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    Re: "Vernier acuity" of horizon IC tests
    From: Douglas Denny
    Date: 2009 Jul 5, 04:10 -0700

    Vernier- acuity of the eye is remarkable.
    
    It is well below the diameter of the cones in the retina, (which subtend about 
    24 seconds of arc);  vernier acuity being around five to ten seconds of arc 
    subtense at the eye.  Hence acuity is not based on just the distinguishing 
    between the separate retinal elements of cones.
    
    It indicates there is considerable 'computer enhancement' at retinal level 
    with integration and summation/cancellation effects occuring across a large 
    number of retinal receptors horizontally to be able to discriminate the 
    discontinuity in a line.  Not forgetting the 'line' is not a line at all but 
    a diffraction pattern between a light and dark edge presented to the retina,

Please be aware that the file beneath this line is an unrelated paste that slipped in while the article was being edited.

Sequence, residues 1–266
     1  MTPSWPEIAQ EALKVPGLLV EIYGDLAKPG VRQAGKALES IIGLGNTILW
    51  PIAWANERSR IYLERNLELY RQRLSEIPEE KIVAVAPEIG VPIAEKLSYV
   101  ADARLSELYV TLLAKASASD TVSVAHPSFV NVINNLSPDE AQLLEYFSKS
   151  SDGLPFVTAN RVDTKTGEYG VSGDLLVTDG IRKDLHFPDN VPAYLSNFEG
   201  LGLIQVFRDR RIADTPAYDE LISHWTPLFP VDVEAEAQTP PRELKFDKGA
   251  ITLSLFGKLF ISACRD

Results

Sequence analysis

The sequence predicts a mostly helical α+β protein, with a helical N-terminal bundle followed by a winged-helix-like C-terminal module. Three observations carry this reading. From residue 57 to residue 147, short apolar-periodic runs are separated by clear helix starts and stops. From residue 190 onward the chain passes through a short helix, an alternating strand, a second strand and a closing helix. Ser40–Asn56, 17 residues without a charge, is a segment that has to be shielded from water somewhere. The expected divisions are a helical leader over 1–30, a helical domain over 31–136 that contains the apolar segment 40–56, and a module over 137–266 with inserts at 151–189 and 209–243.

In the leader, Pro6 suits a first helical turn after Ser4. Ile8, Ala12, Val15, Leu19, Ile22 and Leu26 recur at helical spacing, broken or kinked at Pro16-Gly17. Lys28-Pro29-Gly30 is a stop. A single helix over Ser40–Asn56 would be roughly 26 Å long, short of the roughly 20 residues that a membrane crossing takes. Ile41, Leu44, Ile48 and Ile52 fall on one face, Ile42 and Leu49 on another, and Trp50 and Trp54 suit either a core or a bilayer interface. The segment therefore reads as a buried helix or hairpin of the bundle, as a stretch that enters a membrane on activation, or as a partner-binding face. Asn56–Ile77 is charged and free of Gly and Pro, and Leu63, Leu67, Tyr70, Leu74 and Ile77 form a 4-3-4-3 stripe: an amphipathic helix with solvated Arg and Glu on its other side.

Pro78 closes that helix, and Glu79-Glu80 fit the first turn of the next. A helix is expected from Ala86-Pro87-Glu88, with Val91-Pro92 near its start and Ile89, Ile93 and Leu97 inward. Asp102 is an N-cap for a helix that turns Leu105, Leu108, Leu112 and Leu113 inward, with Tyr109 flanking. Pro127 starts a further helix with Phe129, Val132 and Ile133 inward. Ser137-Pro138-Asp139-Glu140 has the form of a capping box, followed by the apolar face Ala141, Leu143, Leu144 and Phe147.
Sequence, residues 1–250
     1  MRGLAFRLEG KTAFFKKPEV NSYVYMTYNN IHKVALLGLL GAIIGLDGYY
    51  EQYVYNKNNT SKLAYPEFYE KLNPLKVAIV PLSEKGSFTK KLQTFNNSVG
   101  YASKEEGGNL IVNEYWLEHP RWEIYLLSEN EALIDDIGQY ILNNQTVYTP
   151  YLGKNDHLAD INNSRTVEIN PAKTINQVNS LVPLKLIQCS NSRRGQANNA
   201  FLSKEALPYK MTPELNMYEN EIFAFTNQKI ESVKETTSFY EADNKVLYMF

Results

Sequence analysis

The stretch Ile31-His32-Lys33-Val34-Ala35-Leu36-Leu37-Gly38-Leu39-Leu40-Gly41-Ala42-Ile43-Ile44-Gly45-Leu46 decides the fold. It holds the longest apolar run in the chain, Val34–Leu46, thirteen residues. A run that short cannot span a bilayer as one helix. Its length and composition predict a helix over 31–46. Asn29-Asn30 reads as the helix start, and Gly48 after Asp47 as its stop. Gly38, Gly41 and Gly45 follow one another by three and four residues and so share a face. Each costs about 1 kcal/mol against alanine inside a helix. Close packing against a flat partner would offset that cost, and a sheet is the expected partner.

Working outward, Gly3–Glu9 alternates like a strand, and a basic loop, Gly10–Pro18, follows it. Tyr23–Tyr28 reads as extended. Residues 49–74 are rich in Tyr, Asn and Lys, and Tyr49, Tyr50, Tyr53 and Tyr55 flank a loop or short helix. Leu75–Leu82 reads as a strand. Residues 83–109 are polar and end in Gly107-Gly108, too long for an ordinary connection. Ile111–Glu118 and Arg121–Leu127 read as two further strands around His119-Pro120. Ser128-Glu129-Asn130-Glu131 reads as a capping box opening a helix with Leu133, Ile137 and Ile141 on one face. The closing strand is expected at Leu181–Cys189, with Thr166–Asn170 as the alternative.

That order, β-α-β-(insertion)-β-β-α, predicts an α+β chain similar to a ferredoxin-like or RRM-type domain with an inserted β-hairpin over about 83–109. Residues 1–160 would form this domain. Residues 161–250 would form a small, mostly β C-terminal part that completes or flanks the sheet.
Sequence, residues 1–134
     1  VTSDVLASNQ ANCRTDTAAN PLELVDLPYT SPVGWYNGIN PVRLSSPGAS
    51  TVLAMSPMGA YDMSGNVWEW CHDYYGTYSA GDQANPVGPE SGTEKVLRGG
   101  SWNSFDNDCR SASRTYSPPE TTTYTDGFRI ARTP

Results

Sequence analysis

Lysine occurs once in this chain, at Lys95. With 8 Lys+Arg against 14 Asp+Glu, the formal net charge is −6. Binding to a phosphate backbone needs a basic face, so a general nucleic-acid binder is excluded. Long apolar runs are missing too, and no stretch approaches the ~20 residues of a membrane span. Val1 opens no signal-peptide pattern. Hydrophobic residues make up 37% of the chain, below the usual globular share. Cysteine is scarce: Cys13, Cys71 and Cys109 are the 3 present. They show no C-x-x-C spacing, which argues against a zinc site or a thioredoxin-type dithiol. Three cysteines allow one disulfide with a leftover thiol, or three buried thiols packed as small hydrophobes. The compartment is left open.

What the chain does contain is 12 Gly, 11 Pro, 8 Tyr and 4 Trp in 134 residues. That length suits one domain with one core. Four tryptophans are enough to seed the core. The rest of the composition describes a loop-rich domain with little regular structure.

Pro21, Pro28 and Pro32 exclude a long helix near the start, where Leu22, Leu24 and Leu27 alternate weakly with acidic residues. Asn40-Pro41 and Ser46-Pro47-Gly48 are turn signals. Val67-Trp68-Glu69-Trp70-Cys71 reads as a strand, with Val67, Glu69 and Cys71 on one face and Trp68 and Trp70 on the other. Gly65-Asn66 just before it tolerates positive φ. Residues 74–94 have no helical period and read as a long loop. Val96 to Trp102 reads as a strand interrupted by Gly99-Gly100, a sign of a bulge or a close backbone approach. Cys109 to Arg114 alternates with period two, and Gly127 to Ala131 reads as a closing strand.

blurred, with many abberations.
    
    Also, if you were to cut a small section in the retina and look at the actual 
    image there in a living eye, not only is it a horrible, blurred, abberated 
    diffraction mess, it is moving around over an area of a huge number of 
    receptors at any time in almost a random pattern as the saccadic movements of 
    the eye muscles do not hold the eye still at all but are 'jiggling' about 
    massively at retinal level. The 'jiggle' is actually a necessary part of 
    vision for if it was not there, the receptor photochemicals become fatigued 
    almost immediately on 'firing' the receptor, and there is a distinct time lag 
    before they can fire again.
    Experiments to give a true stabilised retinal image just give an image which fades into blindness!
    
    The brain somehow stabilises this perceived image, not only considering the 
    retinal receptors themselves and their perceived spacial sense relative to 
    one another (and their postional sense in the brain);  but also like a 
    gyro-stabilised platform,  relative to the positional spacial sense of the 
    body as it 'sees' itself in the world.
    
    A truly astonishing achievement.  The psycho/physiology of vision perception 
    is amazing and yet poorly understood.
    
    Douglas Denny.
    Chichester. England.
    
    
    
    
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